CORRECTION: This article has been corrected to reflect that developer Bob Wulff, director of the Center for Real Estate Entrepreneurship at George Mason University, not Bob Wolfe of J Street Consultants, has been retained by the City. The News-Press regrets the errors.
Falls Church City Manager Wyatt Shields announced at the City Council meeting Monday a series of major shifts and additions to City staff aimed at helping gain the maximum economic development punch from what’s now being called the “West Falls Church Project,” formerly known as the 10 acres set aside for commercial development on the George Mason High School campus.
The Council also voted 5-2 to exercise eminent domain on the so-called Fellows Tract on S. Oak St. adjacent Thomas Jefferson Elementary School.
Under the personnel changes announced, the City’s Economic Development and Planning Offices are merged under this plan, with current Planning Director Jim Snyder elevated to head up the recruitment of potential developers and tenants for the 10 acres, and current senior planner Paul Stoddard elevated to the position of planning director.
In addition, the consulting group of Alvarez and Marsal will be retained through the summer of 2019 to also work on finding the best developers and development plan for the project, while the Washington D.C. Deputy Mayor for economic development, Lee Goldstein, has been retained to be the manager of all the major decisions of the project. He will begin Jan. 16.
Veteran developer Bob Wulff, the director of the Center for Real Estate Entrepreneurship at George Mason University, will be retained on a piece-work basis as “an advisor in key parts in the process.” Wolfe was on the Urban Land Institute team that first proposed the W. Broad at Haycock location for the City’s 10 acre development.
Shields said that the annual retreat of the City Council on Feb. 10 will be an opportunity for a major discussion of the changes and their impact, and a town hall forum on the project will be held in advance of that on Sunday, Jan. 28.
Councilman David Snyder commented that he was concerned about what he called “the absence of an aggressive outreach to the development community” in the moves, and he questioned the use of advisors who’ve also worked for WMATA, given the surprise revelation this week that WMATA has submitted plans to Fairfax County for a major development at the West Falls Church Metro station, adjacent the City’s property, without any prior notification to or conversation with the City.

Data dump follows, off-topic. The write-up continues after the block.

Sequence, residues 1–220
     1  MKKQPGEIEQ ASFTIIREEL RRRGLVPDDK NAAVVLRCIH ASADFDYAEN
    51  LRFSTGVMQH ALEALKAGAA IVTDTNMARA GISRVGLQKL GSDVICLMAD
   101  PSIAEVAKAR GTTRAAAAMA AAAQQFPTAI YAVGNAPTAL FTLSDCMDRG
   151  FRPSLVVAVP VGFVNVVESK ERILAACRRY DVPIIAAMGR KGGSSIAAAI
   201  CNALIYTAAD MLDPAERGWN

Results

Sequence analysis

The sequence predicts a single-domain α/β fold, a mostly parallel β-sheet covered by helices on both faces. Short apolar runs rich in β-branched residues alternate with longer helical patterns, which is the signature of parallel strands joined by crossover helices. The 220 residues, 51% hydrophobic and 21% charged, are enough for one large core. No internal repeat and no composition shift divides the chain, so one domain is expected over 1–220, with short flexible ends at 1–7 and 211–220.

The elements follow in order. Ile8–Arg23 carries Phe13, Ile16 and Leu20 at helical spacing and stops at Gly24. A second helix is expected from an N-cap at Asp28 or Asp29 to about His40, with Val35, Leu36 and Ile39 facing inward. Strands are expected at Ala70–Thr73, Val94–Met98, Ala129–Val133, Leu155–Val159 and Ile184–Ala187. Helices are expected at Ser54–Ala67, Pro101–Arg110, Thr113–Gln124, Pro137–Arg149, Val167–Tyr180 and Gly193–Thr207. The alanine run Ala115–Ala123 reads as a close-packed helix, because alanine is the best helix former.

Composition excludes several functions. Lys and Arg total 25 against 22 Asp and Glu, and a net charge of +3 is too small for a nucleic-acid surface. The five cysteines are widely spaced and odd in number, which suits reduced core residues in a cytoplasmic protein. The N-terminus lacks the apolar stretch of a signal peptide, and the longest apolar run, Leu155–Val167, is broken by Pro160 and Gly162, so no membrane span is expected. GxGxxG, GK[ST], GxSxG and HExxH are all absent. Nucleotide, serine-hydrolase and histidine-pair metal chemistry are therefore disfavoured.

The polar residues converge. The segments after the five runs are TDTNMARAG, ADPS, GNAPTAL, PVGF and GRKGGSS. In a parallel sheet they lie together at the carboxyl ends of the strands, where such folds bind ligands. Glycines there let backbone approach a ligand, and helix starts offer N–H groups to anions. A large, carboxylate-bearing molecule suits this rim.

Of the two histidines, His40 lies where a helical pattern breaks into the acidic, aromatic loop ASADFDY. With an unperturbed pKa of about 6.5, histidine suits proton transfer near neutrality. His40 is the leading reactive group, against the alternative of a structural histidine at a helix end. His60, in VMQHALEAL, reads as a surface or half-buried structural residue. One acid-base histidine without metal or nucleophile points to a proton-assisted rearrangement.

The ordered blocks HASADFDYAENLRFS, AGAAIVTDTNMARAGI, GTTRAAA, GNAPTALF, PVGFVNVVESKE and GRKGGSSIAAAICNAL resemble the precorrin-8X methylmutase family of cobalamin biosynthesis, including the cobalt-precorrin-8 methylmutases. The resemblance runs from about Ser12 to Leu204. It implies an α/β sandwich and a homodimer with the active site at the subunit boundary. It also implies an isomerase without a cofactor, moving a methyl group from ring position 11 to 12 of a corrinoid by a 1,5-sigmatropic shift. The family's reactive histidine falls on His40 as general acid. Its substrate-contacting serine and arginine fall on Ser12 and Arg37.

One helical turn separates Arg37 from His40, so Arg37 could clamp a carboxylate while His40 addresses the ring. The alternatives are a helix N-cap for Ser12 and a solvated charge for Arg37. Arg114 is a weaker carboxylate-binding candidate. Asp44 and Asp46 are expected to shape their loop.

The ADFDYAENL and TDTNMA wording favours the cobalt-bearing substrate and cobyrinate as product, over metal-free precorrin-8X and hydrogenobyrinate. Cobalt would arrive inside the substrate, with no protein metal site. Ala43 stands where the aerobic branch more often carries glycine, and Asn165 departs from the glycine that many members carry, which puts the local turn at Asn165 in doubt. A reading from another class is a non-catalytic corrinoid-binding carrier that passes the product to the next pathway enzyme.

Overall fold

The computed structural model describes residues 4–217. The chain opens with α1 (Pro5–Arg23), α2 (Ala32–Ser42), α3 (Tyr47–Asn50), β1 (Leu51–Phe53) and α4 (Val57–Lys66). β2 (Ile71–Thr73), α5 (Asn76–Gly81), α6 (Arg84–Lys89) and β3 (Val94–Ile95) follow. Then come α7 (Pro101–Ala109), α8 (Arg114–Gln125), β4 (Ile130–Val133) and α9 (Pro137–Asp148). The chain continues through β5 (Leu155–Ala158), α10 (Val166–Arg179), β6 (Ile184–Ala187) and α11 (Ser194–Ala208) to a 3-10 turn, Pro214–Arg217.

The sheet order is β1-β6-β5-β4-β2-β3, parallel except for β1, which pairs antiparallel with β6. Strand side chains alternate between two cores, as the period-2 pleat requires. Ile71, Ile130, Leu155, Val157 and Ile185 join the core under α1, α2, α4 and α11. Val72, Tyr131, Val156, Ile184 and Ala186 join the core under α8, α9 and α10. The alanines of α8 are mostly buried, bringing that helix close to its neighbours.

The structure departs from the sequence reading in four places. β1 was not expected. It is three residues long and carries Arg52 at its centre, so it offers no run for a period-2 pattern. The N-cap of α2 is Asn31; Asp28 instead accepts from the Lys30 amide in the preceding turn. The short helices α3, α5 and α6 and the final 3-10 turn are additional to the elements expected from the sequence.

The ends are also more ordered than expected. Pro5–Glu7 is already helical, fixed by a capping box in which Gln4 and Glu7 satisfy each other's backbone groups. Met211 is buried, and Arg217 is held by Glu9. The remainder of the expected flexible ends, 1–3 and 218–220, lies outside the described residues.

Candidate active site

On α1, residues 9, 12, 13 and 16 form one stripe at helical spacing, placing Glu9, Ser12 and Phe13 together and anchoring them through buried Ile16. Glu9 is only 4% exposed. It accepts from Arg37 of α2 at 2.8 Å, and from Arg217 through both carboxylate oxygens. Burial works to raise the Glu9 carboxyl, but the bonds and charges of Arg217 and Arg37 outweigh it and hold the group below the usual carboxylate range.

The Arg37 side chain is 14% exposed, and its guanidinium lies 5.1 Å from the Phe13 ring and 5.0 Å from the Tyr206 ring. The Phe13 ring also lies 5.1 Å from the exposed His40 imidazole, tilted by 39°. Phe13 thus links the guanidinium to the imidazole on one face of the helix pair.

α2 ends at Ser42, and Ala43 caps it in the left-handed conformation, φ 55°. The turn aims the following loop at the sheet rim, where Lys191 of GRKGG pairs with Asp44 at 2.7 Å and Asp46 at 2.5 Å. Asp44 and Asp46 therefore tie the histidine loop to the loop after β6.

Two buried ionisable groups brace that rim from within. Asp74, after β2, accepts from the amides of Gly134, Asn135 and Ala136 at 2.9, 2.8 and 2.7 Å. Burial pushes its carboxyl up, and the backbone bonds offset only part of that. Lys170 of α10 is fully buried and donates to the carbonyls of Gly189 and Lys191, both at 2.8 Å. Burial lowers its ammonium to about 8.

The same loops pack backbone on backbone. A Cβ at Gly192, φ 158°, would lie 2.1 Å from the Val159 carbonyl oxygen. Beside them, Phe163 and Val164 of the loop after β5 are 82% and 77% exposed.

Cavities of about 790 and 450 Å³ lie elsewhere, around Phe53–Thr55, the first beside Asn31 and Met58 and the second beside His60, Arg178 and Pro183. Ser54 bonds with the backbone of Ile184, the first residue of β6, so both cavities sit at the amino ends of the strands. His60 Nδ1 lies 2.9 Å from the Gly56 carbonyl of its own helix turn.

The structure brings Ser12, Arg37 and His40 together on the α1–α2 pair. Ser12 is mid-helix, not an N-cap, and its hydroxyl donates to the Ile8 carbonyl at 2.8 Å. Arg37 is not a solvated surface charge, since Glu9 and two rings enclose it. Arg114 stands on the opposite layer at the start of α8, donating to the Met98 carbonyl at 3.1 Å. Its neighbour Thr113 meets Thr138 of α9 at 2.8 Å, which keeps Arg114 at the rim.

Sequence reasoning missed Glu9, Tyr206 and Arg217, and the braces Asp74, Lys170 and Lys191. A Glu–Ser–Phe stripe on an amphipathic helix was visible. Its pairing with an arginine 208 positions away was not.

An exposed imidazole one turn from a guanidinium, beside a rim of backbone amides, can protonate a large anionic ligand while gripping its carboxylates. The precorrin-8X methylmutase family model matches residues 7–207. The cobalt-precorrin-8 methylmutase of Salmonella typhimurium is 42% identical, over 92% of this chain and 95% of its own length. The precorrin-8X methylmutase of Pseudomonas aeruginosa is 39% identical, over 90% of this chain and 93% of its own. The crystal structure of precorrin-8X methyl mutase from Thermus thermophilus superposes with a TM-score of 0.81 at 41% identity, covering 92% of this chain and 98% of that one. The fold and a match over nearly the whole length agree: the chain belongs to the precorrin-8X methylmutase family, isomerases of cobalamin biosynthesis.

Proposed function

Councilman Ross Litkenhous also expressed concern that these changes will leave the City adequately staffed to address other development plans at issue in the City, to which Shields said he feels “we are,” with more decisions to come on staffing.
Councilman Dan Sze said he “applauds the realignment,” and asked the role of deputy economic development office staff person Becky Witsman in this new arrangement, and Mayor David Tarter also expressed support for the moves, saying that Jim Snyder “will thrive in that role.”
In the Council’s only major action Monday, it voted 5-2 to proceed with the imposition of eminent domain on 1.95 acres known as the Fellows Tract adjacent the Thomas Jefferson Elementary School on S. Oak St. Council members Dan Sze and Ross Litkenhous voted against.
The sole long-time resident of the site, Lilia Fellows, died last fall and the City had already taken the action to designate the property for park land or a school. It is assumed that the acquisition, while for purposes of a park at first, is ultimately being done to enable the further expansion of TJ Elementary.
The offering price by the City for the land is set in the ordinance at $3,250,000, or in terms of the seven plots into which it has been subdivided by the trustee to the family estate, a value of $420,000 per lot.
Steven Carpenter, the trustee for the estate who addressed the Council Monday night, said the land value of “seven prime pieces of land” is much higher than the amount designated in the ordinance, with plans to build seven 3,500 square foot bungalows. The land has been in the Fellows family since 1920, almost a century.
“It’s worth way more than what’s offered,” he said. “We’ll fight hard on this.”
Five residents adjacent the site all spoke against the eminent domain move.
In response to questions, Shields said the difference between the Fellows Tract and other single family homes in the area is that taking over individual homes, rather and a two acre tract, would be more disruptive of the neighborhood, and although no review of the plan for a park on the site has been undertaken by the Recreation and Parks Advisory Board, only minor changes are envisioned.
Right now, construction work at the site is for the realignment of sewer and water pipes in the event of the heirs’ desire for a subdivision and development.
The Council went into a closed session after the public hearing before emerging to vote on the eminent domain ordinance.